View: De-globalisation & what emerging markets should learn from this
Emerging markets have been the biggest beneficiaries of the globalisation making them competitive. As the phenomenon loses its sheen in advanced economies, here's what lessons the emerging economies should draw from it.
A number of mainstream economists argue that the rising trend of de-globalisation led by advanced economies (AEs) like the US makes for bad economics. Trade protection and immigration control is just as damaging to their economies as the strident brand of nativism is to their societies. However, a hard look at the data on the gains from globalisation over the last few decades tells us a somewhat different story. The expansion of North-South economic relations that underpins much of globalisation has been biased against the North.
Some of the solid empirical work on globalisation has come from private research agencies and thinktanks like Capital Economics (CE) that provides some interesting evidence in a series of research notes on the “death of globalisation”. CE economists estimate that roughly a third of global per capita income growth since 1990 has been due to productivity enhancements riding on globalisation. However, the bulk of these benefits have accrued to the emerging markets (EMs) and not to the AEs.
Trade and investment flows with the external world have certainly helped AEs reconfigure their entire structure of production, choosing to retain higher value generating operations and offshoring the lower ends of the supply chain. However, this restructuring has provided a one-off benefit. It has had a minor impact on subsequent productivity gains. Instead, secular gains in per capita income in AEs have depended largely on technological change.
As its pace of change has faltered over the last decade or so, so has per capita income growth. The deceleration in technological change could partly be the effect of low investment and innovation and partly the fading additional gains from the internetcomputer revolution that is yet to be replaced by a decisive upturn in the new cycle driven by machine learning or AI.
The obvious place to look for losses in advanced economies due to globalisation is their labour market, in the death of relatively low skilled but employment rich sectors like textile and the support economies that grew around it. There are varying estimates of the job loss caused by cheaper imports from China. Economists Autor, Dorn and Hanson in their classic paper ‘The China shock: Learning from labour market adjustment to large changes in trade’, estimate that competition from China caused direct manufacturing job losses of 1.5 million between 1999 and 2007.
Including the support economies, the losses would be much higher. They also point out that the re-absorption of this displaced labour has been slow and incomplete. This is reflected in the share of wages to GDP that dropped by a good 5% from 2000 to 2017.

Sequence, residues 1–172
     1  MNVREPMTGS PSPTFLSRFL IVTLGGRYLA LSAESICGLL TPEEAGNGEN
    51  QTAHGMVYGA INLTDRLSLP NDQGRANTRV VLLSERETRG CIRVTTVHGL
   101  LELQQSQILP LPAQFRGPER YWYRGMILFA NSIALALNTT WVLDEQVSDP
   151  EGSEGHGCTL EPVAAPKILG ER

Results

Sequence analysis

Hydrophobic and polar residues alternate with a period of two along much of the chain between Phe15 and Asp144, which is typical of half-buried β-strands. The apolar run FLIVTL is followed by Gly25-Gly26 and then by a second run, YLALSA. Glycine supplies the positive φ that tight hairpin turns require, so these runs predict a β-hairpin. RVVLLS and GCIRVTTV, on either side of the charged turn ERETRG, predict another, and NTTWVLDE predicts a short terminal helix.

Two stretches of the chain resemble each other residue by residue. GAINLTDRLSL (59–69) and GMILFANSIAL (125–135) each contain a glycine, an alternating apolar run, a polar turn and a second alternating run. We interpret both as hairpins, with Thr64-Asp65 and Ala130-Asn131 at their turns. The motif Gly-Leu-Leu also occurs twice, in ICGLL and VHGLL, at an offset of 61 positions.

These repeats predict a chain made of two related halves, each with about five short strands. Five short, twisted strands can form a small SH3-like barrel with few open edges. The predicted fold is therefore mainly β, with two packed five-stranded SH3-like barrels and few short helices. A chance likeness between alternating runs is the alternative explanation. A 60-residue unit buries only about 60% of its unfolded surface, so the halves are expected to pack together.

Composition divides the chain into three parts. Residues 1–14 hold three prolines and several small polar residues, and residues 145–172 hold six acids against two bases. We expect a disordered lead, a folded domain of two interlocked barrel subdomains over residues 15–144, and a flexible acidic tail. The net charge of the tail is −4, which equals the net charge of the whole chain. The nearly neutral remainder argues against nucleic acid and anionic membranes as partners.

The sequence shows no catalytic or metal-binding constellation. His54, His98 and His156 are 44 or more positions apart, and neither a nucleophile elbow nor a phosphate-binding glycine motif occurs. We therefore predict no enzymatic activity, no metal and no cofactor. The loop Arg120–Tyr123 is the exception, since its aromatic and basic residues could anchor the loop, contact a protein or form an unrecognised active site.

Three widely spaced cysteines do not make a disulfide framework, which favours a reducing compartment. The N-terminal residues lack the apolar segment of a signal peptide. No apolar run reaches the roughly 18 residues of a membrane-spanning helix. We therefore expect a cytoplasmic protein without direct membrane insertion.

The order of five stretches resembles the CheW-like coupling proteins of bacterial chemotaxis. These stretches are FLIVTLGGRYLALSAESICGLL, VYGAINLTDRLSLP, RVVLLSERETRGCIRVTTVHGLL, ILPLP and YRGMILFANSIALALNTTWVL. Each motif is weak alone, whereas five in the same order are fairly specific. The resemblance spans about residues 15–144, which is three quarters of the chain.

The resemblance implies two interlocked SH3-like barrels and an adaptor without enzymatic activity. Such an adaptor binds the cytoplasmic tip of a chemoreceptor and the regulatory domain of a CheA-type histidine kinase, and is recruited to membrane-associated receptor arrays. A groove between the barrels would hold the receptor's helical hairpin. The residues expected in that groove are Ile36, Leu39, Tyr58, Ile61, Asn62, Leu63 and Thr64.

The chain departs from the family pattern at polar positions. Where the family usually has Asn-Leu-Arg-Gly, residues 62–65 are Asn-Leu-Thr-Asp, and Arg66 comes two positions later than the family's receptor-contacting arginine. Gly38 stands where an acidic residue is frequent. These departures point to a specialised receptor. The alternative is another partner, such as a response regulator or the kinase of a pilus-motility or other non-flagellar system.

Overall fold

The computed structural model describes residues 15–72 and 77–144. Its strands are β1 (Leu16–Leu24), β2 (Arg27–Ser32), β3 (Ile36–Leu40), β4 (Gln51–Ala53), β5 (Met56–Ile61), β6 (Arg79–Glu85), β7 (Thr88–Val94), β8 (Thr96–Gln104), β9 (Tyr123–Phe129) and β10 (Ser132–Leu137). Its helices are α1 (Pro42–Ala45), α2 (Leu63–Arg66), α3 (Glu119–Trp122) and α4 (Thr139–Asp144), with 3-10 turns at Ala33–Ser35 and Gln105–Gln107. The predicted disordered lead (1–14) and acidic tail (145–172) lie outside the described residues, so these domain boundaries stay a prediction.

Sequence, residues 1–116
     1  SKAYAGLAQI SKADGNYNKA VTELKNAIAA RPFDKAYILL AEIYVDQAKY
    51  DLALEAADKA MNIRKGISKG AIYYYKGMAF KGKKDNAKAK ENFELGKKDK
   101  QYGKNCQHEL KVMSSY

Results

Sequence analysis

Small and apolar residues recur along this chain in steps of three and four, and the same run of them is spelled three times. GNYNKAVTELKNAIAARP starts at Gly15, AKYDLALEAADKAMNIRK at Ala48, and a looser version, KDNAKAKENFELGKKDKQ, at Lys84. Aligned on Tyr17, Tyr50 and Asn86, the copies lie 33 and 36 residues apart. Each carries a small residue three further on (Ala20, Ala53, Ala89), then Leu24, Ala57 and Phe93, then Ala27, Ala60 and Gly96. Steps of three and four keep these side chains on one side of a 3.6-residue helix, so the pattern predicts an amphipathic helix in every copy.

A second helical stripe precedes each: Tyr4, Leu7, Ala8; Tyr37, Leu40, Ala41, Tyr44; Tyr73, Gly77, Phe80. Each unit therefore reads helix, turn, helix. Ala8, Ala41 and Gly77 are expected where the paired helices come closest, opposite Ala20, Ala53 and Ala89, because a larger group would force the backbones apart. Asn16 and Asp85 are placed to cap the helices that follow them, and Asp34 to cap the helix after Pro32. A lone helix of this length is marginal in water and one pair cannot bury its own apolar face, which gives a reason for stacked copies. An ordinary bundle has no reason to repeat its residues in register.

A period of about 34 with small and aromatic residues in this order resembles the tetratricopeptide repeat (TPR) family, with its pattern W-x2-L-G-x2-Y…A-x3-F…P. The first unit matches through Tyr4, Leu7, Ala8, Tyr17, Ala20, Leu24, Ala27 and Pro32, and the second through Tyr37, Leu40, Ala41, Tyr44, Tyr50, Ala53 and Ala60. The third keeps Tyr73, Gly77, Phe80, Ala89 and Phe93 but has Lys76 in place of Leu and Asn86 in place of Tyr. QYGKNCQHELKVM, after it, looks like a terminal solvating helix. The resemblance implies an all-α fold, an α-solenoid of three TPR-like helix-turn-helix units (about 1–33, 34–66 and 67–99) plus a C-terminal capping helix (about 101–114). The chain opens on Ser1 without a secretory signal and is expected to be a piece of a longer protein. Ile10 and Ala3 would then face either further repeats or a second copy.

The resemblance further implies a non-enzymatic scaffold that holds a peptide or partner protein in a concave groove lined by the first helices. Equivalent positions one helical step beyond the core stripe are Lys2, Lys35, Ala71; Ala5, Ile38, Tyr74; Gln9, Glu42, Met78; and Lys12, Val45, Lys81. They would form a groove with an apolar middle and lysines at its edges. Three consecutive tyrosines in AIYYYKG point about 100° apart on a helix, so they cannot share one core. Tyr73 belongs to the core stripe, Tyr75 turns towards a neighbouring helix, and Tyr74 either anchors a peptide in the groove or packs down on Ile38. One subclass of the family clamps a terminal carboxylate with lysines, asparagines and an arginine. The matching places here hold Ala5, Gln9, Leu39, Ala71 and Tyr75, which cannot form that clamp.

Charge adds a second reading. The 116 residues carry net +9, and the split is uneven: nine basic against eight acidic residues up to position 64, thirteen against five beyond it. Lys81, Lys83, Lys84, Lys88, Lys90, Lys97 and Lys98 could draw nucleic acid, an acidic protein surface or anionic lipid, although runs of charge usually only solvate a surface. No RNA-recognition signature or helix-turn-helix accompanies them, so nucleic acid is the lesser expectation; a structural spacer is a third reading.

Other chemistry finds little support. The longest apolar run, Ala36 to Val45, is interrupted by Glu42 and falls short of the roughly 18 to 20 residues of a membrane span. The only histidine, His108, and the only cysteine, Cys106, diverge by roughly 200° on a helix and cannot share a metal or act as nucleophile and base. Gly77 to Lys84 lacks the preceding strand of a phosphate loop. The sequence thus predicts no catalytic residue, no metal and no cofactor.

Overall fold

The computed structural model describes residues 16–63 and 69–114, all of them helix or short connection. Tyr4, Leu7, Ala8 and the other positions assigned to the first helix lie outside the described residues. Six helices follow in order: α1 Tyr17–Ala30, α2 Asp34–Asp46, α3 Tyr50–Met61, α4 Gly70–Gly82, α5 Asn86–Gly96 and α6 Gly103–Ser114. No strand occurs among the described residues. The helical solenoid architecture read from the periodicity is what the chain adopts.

There is a related problem. Technological change has indeed been the driver of average wage and per capita growth. But the average obfuscates the growing difference or the “college premium” between skilled white collar earnings and blue collar earnings. The result has been stagnation of blue collar incomes and rising inequality. The US Census Bureau’s Gini coefficient, a measure of inequality, shows that in 2019 it was the highest in 50 years.
Europe has also seen a rise albeit less than the US, possibly because of its social welfare schemes (though tottering now because of fiscal problems) and the fact it has indeed lagged behind in technological innovation.
The counterargument from globalisation groupies would be that inequality and dropping labour share are all due to technological change; globalisation has little do with it. That is putting the cart before the horse. The strong link between average income growth and technological change in the AEs has emerged because the forces of globalisation have left the AEs with the “high end” sectors where both survival and growth depends on the rapidity of technological change. The dependence would be much less in a more balanced production structure.
Why should this reconfiguration entail a “cost”? For an individual company, say in American IT, a sector that has survived the churn of globalisation, offshoring makes eminent sense. However, at a macroeconomic level both the disappearance of “job-rich” sectors and growing inequality raises the challenge of creating adequate demand that feeds growth.
Researchers have explained the boom in consumer credit in the early 2000s as a bid to keep spending alive. This ultimately precipitated the Great Financial Crisis of 2008. The panacea being discussed currently is a universal basic income to prop up aggregate demand. In the absence of production rebalancing, governments will have to think of these financial and fiscal props that might prove unsustainable.
Then there are the social costs of globalisation that ultimately manifest in economic costs. The intensity of America’s opioid addiction crisis maps directly into regions and demographic groups that have borne the brunt of the contraction of economic opportunities that globalisation has brought. The fight against this epidemic involves large federal and state expenditures on health.
The bottom line is that de-globalisation has a logic and hence momentum of its own, that is unlikely to die down once a Twitter happy president demits office or Brexiteers are booted out of parliament. The agenda of building a more balanced industrial economy with a mix of high- and low-end jobs will remain. The biggest losers from de-globalisation would be the EMs who have benefited the most from globalisation. They better have a coping strategy in place.
(The writer is Chief Economist, HDFC Bank)